Education News

Project-based learning boosts student morale

Project-based learning boosts student morale

Beyond-the-classroom instruction is making a difference in student learning and morale in one Oregon school.

It didn’t take long for Tom Horn, principal at Al Kennedy Alternative School in Cotton Grove, Ore., to realize that this group of at-risk students needed something more than remediation and textbooks to learn. To boost morale and student engagement, Horn revamped the curriculum that allowed students to use the community as an outdoor classroom.

The project-based learning is working in this community. Although student performance is still below the state’s average, student attendance has jumped from 23% to 90% and the dropout rate has dipped as well.

The area’s resources led to projects focused on sustainability: agriculture, energy, forestry, architecture, or water. The theme-focused projects allow student cohorts to concentrate on projects that benefit the community and inspire a different style of learning that extends beyond the classroom.

“You never know when [students] will take off like fireworks and get excited about something,” said Vickie Costello, who teaches the water cohort. Having a static group “allows me to extend a lesson or end it and come back to it the next day and get them up and active. So many lessons lend themselves to being outside.”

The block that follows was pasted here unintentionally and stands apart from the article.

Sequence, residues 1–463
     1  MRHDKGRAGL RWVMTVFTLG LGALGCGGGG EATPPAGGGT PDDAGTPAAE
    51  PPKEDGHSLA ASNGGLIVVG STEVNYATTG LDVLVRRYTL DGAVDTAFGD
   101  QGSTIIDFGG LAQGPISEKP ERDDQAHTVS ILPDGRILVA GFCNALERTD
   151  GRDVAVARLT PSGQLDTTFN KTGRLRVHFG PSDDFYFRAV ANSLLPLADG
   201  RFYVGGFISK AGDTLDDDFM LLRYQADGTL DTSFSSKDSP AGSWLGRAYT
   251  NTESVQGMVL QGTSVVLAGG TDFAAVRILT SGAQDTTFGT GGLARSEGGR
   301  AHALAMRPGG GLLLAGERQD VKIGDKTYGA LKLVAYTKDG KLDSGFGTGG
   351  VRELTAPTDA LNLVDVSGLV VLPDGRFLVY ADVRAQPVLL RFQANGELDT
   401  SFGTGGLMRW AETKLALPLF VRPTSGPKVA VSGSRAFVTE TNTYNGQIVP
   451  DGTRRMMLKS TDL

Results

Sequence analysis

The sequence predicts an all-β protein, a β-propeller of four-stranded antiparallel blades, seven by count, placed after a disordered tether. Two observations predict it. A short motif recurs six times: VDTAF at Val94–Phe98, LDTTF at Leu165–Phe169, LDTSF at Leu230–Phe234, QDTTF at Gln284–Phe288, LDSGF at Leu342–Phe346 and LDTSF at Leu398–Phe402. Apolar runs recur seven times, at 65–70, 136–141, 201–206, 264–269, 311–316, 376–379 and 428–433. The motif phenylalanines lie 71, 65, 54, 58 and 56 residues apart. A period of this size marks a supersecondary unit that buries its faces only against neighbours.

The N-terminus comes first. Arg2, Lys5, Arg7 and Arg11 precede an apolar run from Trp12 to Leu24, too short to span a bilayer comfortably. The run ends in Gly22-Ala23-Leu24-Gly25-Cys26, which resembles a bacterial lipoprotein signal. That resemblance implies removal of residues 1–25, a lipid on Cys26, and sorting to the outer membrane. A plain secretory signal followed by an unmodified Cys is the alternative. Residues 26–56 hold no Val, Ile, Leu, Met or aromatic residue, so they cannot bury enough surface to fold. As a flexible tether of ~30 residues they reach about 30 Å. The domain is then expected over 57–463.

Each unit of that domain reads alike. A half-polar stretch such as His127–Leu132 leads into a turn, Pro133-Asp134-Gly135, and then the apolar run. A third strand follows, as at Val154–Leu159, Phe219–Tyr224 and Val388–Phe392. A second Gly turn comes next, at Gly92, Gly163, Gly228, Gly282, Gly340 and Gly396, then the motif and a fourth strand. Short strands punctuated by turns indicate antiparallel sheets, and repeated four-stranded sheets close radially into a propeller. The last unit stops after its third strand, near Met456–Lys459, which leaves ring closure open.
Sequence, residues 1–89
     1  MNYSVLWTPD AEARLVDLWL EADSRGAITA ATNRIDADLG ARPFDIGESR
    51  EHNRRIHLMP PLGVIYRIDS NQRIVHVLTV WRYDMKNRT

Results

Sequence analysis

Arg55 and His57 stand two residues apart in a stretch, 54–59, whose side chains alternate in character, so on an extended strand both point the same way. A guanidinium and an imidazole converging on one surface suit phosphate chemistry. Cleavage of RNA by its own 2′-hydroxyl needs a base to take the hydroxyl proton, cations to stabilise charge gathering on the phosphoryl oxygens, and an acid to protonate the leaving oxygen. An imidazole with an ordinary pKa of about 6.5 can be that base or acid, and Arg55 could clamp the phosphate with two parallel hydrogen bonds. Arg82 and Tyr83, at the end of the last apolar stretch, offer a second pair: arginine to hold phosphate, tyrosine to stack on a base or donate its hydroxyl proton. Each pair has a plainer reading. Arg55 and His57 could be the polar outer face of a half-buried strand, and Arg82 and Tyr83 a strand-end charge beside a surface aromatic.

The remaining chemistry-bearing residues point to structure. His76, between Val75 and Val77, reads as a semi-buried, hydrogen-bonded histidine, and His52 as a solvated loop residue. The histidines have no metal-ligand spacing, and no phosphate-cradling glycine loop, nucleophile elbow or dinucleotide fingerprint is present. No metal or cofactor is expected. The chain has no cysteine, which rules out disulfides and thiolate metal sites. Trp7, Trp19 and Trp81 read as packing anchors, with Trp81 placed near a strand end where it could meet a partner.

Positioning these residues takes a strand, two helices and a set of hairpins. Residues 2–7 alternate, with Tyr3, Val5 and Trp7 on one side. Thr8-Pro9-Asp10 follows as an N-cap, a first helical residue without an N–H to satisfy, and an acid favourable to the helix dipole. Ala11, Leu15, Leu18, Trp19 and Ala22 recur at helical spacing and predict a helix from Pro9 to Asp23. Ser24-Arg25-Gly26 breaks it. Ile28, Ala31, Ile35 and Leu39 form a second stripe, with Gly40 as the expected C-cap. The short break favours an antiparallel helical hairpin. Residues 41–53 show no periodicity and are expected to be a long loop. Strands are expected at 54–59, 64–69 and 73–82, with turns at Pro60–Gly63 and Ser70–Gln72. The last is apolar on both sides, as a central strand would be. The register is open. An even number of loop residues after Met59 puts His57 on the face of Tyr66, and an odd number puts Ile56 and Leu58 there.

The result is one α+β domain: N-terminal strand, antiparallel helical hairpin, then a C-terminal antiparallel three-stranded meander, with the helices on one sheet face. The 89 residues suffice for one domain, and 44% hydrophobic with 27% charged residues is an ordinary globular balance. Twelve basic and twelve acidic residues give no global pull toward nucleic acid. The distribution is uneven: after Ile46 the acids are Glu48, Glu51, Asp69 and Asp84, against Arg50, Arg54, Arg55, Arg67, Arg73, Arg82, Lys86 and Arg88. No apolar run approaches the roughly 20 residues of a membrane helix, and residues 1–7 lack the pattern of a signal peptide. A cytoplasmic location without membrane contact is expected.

Despite the obstacles and challenges to raise student scores, Horn’s project-based model is working at his small school. He believes with continued work, the model will continue to succeed and can be replicated at other schools.

Read more about this story at Education Week.

Photo Courtesy: Chris Pietsch for Education Week
Kennedy School of Sustainability Principal Tom Horn, center, directs students as they care for a tank of tilapia that they are raising at the school as a food source. Achievement and attendance at the school have both increased since Horn reorganized the curriculum around environmental project-based learning.